All of these answers completely ignored the fact that there had been no reports of injury or illness attributed to electronic cigarettes since they were introduced 5 years earlier; several tests (including the FDA test) had shown that the health risks of electronic cigarettes were comparable to FDA-approved smoking cessation products and tens of thousands times less hazardous than tobacco cigarettes; that electronic cigarettes were intended to be a safer smoking replacement for committed smokers and not a treatment for nicotine addiction; and that anecdotal reports from users claimed that the product was a successful replacement for tobacco smoking and improving their health, unlike the FDA-approved smoking cessation products.

One's first instinct is to ask. "What were they thinking??" But if history is any indication, that question has already been answered. One just needs to "follow the money."

So, today we sit at crossroads. History is being made in public health. All we can do now is imagine how future generations will look back upon the players in tobacco policies today. Will they see them as innovative and forward-thinking public health advocates who embraced a life-saving device or will they be revealed as self-serving and corrupt special interest groups - willing to sacrifice the lives of their fellow citizens in order to make a few bucks?Only time will tell.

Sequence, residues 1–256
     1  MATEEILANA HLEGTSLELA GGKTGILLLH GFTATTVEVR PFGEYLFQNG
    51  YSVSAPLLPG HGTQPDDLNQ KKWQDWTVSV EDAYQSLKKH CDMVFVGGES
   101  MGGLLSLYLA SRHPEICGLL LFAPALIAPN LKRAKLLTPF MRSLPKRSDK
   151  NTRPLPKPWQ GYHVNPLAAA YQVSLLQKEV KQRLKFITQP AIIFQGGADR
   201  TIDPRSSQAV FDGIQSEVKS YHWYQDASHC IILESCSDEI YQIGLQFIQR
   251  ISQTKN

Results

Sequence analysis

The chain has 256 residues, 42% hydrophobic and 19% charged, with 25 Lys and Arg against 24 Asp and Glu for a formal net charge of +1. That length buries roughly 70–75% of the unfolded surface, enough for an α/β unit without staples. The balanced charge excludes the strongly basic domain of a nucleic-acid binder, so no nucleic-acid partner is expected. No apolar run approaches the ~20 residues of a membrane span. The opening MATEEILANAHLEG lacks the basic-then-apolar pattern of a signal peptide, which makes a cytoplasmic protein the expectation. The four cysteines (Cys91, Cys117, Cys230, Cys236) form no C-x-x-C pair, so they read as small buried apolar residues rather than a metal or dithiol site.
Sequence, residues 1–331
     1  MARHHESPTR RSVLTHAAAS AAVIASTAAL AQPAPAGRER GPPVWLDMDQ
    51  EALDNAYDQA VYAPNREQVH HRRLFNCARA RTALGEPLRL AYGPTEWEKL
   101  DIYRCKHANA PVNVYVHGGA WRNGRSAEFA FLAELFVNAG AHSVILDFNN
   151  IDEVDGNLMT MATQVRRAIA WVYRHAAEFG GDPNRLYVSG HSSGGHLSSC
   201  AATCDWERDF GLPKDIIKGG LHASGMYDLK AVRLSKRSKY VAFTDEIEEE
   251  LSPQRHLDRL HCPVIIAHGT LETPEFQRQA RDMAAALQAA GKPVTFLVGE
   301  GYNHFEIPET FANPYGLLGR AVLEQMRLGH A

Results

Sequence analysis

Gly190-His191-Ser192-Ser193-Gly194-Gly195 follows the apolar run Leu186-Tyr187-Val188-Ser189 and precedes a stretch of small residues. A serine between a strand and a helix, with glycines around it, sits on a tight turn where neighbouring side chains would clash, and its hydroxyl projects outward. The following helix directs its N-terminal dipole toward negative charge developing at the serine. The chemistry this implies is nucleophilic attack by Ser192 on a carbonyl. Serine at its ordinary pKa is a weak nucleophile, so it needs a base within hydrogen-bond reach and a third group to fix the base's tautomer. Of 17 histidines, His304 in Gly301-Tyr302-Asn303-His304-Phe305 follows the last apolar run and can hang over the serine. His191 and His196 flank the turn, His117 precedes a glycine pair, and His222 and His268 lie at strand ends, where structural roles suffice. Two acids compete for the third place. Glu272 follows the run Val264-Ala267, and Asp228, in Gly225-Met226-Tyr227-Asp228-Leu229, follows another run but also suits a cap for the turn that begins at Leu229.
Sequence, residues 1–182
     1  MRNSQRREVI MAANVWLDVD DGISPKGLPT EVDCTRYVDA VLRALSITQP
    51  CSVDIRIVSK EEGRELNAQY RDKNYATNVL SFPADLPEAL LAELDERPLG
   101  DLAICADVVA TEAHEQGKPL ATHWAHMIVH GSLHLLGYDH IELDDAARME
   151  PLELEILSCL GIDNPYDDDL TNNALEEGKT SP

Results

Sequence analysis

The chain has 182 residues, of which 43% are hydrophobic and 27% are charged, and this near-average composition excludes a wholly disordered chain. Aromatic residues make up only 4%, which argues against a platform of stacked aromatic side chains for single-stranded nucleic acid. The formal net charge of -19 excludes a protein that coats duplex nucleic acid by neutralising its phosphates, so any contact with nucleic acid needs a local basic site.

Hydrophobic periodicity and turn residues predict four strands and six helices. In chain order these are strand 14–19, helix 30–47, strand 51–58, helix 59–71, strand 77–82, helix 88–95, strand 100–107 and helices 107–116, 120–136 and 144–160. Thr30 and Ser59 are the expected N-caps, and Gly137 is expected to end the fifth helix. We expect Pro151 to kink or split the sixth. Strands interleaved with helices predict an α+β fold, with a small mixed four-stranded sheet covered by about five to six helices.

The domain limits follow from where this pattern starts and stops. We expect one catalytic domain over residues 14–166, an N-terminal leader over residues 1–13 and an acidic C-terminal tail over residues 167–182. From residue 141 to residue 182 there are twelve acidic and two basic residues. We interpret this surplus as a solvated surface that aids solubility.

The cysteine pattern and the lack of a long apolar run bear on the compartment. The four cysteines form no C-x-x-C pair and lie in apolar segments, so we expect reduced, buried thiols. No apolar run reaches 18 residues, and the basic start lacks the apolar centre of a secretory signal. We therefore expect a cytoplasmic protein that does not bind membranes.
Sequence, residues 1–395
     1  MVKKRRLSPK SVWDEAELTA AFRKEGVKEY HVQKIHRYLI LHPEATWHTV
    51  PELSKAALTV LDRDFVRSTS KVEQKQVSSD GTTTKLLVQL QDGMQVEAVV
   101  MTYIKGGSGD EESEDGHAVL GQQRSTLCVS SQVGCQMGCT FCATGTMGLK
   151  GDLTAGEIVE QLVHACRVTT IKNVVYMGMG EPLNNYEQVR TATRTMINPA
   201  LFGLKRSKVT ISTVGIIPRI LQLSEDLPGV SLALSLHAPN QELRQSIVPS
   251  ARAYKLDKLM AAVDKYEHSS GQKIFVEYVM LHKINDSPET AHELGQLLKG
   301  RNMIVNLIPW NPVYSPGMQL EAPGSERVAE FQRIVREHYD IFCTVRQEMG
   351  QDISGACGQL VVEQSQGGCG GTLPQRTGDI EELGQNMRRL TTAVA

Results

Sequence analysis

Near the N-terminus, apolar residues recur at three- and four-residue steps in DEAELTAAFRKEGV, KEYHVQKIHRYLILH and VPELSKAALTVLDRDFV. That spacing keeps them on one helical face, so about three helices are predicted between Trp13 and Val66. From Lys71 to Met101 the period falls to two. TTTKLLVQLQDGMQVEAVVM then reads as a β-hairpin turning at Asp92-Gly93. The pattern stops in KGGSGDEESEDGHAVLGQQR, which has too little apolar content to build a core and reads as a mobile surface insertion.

1. Centers for Disease Control and Prevention, http://www.cdc.gov/chronicdisease/resources/publications/AAG/osh.htm
2. Smoking Statistics, http://www.smokingstatistics.org/Smoking_Statistics_Since_1950.asp
3. U.S. News and World Report, http://health.usnews.com/health-news/family-health/cancer/articles/2009/11/12/progress-in-stamping-out-smoking-has-stalled.html
4. American Association of Public Health Physicians, http://www.aaphp.org/special/joelstobac/2010/Petition/20100207FDAPetition2.pdf
5. U.S. Food and Drug Administration, http://www.fda.gov/NewsEvents/Newsroom/PressAnnouncements/ucm173222.htm